I don’t want to be the angry parent, shouting at our kids to behave, attempting to out-loud them to get them to comply.
Too often, I am that parent, and I regret it.
This is what brings me to my morning meditations and my attempts to be present with both the chaos and the calm that comes with raising three young children and a puppy.
To see our oldest son, Riley, cower while I shout is neither rewarding nor effective.
Once, when the youngest two were already crying, the puppy was chewing on a matchbox car, and Riley wouldn’t pick up the toys before dinner, I screamed to be heard and taken seriously.
Riley shouted back, put his hands on his hips and stomped his foot.
We all feel the need to be heard.
But after the worst of the shouting, I can’t qualify the exchange as successful for either one of us. So later when I was putting Riley to bed, I confided that I made a mistake.
“I’m sorry for shouting at you, I wish I hadn’t done that. You know I love you so much.”
He put his warm hands on my cheeks and with his face close to mine, he was painfully earnest.
“I still love you, papa.”
“I will always love you, kiddo.”
“I love you and I like you.”
Riley, at 4, teaches me lessons in being present, every day.
On a calmer morning, while I was dressing Riley for the day, he pointed to the pictures on his Led Zeppelin t-shirt, a souvenir from a work trip to Cleveland.
“Papa, who are these people?”
“This is Robert Plant, and he sings for the band. He is still alive. And this is Jimmy Page, he plays guitar, and he is still alive. This is John Bonham, he played drums for the band, but he isn’t alive anymore.”
In my defense, I sometimes forget that Riley is only 4. As a parent, it’s like forgetting that you’d left clothes in the washer overnight.
“He isn’t alive?”
And so it began.
These kids, they find the thing that will make you least comfortable in an otherwise anodyne conversation and glom onto it. The questions won’t stop here.
“What happened to him?”
I realized my error and course-corrected to avoid telling the truth…any answer was better than ‘alcohol-induced asphyxiation’, right?
“He wasn’t wearing his seatbelt.”
And that’s how you share a life lesson with a 4-year-old.
He hugs me and tells me to always wear my seat belt.
The love in this gesture, the open-armed, unabashed vulnerability of this moment, it can only exist because moments of chaos happen too.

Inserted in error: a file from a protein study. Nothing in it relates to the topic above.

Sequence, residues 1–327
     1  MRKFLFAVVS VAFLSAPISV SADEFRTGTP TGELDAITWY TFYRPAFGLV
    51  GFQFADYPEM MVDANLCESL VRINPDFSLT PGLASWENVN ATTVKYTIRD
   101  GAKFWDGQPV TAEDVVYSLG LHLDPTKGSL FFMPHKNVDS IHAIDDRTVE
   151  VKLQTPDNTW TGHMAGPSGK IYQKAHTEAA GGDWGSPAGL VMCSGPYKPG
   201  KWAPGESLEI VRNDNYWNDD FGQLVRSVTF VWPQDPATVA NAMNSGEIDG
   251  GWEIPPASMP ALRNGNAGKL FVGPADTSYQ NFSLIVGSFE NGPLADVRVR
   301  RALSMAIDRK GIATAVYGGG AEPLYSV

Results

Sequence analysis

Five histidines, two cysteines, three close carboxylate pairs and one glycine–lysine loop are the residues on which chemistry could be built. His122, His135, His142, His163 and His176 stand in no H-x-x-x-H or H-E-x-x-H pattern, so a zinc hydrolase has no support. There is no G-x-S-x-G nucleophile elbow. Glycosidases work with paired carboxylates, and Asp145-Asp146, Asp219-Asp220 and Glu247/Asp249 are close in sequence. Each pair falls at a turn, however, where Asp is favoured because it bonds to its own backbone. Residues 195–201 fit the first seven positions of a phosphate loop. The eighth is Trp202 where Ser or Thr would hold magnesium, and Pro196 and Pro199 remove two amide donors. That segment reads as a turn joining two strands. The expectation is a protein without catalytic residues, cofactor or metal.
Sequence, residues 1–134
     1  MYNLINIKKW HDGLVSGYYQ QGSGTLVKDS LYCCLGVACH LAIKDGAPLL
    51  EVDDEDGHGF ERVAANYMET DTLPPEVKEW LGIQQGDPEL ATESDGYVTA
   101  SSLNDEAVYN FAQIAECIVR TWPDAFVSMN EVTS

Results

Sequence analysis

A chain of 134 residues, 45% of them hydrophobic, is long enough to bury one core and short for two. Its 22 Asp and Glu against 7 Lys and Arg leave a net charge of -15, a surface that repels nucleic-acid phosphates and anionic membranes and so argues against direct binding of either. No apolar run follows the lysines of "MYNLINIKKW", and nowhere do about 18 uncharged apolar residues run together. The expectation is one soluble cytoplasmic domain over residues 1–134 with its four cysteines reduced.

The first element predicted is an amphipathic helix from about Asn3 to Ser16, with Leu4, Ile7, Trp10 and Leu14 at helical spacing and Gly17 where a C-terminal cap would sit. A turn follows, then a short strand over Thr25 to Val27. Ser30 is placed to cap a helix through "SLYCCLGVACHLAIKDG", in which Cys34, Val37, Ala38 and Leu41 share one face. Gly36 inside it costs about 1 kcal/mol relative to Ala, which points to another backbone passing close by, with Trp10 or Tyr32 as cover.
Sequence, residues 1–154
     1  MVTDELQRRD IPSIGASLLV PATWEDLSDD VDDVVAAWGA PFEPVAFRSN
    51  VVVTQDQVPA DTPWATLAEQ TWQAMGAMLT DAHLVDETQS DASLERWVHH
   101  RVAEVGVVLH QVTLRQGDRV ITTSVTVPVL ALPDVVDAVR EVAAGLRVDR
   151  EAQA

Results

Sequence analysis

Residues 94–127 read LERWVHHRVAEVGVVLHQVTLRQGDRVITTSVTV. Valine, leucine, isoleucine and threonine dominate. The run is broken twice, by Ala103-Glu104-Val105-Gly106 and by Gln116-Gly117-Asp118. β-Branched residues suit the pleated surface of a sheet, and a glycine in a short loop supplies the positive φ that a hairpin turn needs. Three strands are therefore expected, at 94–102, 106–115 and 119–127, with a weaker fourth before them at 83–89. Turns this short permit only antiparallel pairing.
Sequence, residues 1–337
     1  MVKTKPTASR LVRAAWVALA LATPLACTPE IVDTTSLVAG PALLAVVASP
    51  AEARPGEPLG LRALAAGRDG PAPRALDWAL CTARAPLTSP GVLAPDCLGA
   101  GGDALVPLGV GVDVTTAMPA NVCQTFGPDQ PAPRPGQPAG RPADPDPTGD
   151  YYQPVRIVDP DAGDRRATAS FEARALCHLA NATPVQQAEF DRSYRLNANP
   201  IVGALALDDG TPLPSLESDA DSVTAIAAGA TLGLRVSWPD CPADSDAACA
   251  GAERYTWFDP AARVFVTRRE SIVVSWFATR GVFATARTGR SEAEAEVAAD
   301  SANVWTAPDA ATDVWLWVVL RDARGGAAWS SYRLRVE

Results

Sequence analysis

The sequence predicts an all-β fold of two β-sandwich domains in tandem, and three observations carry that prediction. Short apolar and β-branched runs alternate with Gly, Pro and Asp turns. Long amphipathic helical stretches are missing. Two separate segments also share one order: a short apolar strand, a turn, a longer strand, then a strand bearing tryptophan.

Over the course of the next week, when the dog had fallen asleep in her bed, when nap-time had taken everyone but him, Riley asked me about death.
I’m not a maudlin character and I don’t have an unhealthy obsession with death. I certainly didn’t intend to introduce the concept to our 4-year-old. My answer was simply:
“It’s when you aren’t anymore.”
And then I shifted the subject to cleaning up the toys before dinner.
A week later, I overheard Riley talking to my mom, and he was wearing the shirt again and pointing to Bonham and telling her that we must always wear our seatbelts.
Days later, he was in his car seat while I drove the two of us to my sister’s house to celebrate a cousin’s 16th birthday, some rock song played on the radio, and he begged, as he does, for Taylor Swift’s “Shake it Off.” I skipped to his song, and immediately filled my head with my “to do” list, commitments and plans for the week.
“Papa, I need to be forever.”
But my mind was busy ticking off the number of post-party chores, like bathing the kids, emptying the dishwasher, feeding the dog and on and on.
“I need to be forever.”
“What do you mean?”
…and the toys we didn’t finish putting together post-Christmas, the sitter situation for Friday, our refrigerator’s current vegetable status…
“I need to live forever so that I can always tell you that I love you.”
Nothing much mattered now but this present moment.
I pulled into my sister’s driveway and outside of the car I crouched down and combed Riley’s hair with my hand and I watched his face, his eyes. Neither of us said anything, we didn’t need to.
Then we hugged and his fingers tickled the hair on the back of my head, gently patting it. He knows how to give a good hug. I wondered if I could hold this moment forever, these small arms, this warm little body, the tickling fingers wandering the back of my head.
The chaos invites the calm, it makes the calm worth it, gives it value it wouldn’t otherwise have.
When his arms opened up I fell out of them and knew that we couldn’t have anything forever, but we should keep what we could from the storm for at least a little while.